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The young maestro: Nagesh Adgaonkar

The young maestro: Nagesh Adgaonkar
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The rustle of leaves swaying to the wind, songs of birds, an exhilarating fragrance of the earth and natures symphony became the perfect setting for a...

The rustle of leaves swaying to the wind, songs of birds, an exhilarating fragrance of the earth and nature’s symphony became the perfect setting for a farmer’s son from Latur, who was inspired to break into folk songs that reflected life’s yearnings. As his sonorous voice enchanted villagers with folk songs that livened up the rural milieu, the eight-year-old forayed into singing bhajans and kirtans at small gatherings around his village.

Nagesh Adgoankar was a major draw at many musical gatherings and his father realising his potential decided to send him for training in classical music. Beginning his early instruction with Pandit Vittal Rao Jagtap in Latur, the boy moved on to Pandit Rajendra Kandalgaonkar’s Academy in Kolkata where he and three other students were spotted and chosen by the famed classical musician Ustad Rashid Khan to become his disciples.

Nagesh recalls singing “Balma more thore sangh” the guru’s bandish in Bhageshree in his presence which he considers one of the most cherished moments of his life. “When I heard Ustadji sing before us at the Academy I was blown away. His powerful voice and perfect notes mesmerised me. I realised I was nowhere close to his perfection. Being known as his disciple is an honour and has opened many doors for me,” he says

Training under one of the living legends of Hindustani classical music is no small matter. With him for four years beginning from 2011, the 29-year-old singer considered as one of the brightest rising stars of the Rampur Shaswan Gharana is in awe of his guru and sings many of his compositions at concerts across Delhi, Jaipur, Bengaluru, Goa and Hyderabad apart from Pune where he now lives. Talking about his guru he says, “Ustadji is immersed in music day in and day out. You can ask him any composition at any time of the day and he will sing it elaborating on the finer details. He wants perfection and will not let go until he gets the perfect note.’

Endowed with a powerful voice that resonates with a rare clarity, the singer gets into the mood of the composition and conveys the emotion to perfection at concerts that boast of young accompanists on the tabla, harmonium and the tanpura. The contemplative Ahir Bhairav, the racy Malhar, lilting thumris and semi-classical numbers or a Kabir Bhajan full of devotional fervour and philosophical thought are executed to perfection by Nagesh Adgaonkar, who practices music for seven hours each day fuelled by his love for classical music.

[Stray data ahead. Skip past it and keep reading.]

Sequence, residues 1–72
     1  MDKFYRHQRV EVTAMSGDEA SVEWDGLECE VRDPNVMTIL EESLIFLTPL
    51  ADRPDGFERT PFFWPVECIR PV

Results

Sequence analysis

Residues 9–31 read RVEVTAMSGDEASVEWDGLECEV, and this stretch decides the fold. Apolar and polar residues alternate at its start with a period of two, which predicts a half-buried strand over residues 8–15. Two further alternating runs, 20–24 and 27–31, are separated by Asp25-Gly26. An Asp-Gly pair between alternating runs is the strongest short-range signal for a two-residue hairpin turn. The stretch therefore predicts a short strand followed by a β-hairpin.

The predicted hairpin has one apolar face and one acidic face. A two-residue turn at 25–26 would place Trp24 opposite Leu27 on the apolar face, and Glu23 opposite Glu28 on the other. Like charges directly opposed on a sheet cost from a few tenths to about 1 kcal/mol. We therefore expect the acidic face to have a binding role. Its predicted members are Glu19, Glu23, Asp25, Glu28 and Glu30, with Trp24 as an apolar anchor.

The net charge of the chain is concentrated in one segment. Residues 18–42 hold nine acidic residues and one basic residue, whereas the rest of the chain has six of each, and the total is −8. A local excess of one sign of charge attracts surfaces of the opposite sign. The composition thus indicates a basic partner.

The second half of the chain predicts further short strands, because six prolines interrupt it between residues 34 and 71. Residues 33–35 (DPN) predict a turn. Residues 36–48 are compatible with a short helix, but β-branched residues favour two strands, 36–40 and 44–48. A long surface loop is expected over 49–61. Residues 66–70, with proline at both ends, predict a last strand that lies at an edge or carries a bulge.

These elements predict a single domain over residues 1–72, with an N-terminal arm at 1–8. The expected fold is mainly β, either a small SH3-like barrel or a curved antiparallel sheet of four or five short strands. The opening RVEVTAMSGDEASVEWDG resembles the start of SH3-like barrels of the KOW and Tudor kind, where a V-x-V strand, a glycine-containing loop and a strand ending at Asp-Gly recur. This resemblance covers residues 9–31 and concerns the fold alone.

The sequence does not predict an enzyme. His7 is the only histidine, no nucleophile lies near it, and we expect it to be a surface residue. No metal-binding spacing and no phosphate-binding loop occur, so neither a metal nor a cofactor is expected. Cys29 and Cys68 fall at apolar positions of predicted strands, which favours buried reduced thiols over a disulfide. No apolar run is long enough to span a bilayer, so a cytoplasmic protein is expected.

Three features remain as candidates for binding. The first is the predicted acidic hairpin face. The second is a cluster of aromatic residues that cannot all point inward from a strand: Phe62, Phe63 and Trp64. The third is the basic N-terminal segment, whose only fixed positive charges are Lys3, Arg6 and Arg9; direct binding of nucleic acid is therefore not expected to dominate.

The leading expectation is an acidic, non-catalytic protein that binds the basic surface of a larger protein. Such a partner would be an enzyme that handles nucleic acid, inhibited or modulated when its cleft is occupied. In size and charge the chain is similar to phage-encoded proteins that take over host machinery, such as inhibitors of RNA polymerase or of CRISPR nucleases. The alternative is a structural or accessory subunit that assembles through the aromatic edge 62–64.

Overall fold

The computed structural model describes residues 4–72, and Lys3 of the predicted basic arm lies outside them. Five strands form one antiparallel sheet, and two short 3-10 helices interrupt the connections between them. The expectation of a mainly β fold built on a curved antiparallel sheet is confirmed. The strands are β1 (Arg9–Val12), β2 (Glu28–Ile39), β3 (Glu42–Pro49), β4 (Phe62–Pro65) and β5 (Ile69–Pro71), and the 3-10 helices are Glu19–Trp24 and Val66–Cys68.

“I would ask young singers opting for film music to practice classical singing at least for an hour or two before they go for their recordings as there can be no melody without striking the right note and this is only possible through rigorous practice or sadhana,” he opines.

Although he has sung songs based on classical ragas and semi-classical tunes for a few Marathi films, Nagesh says they were just an exploration that he does not wish to continue. All forms of music appeal to him including Carnatic music, rock, jazz and opera which he listens to every now and then. This only intensifies his love for Hindustani music offering newer insights.

Despite the lure of other forms of music many youngsters are serious about classical music says the youngster, who loves all ragas but lists Puriya Dhanashri, Bagheshree and Megh Malhar among his favourites. Apart from his guru Rashid Khan, he is inspired by the singing of Aamir Khan, Bade Ghulam Ali Khan and Kishori Amonkar whose purity of singing touches him.

The talented singer, who has students in Pune, is aware that he has a long journey ahead before he joins the firmament of Hindustani Classical Greats. The beautiful Kabir composition tuned and taught by his guru “Dheere dheere re mana, Dheere sab kuch hoin, Maali seenche sau gada… Rithu aaye phal hoyi (everything happens in its time.

Even if a gardener uses 100 pots of water, the plant will yield fruits only when it has to) perhaps is best suited for the budding singer with loads of talent. Nagesh Adgaonkar knows that he has just begun his journey and perfects his singing, winning accolades all the way. The results will come in their time.

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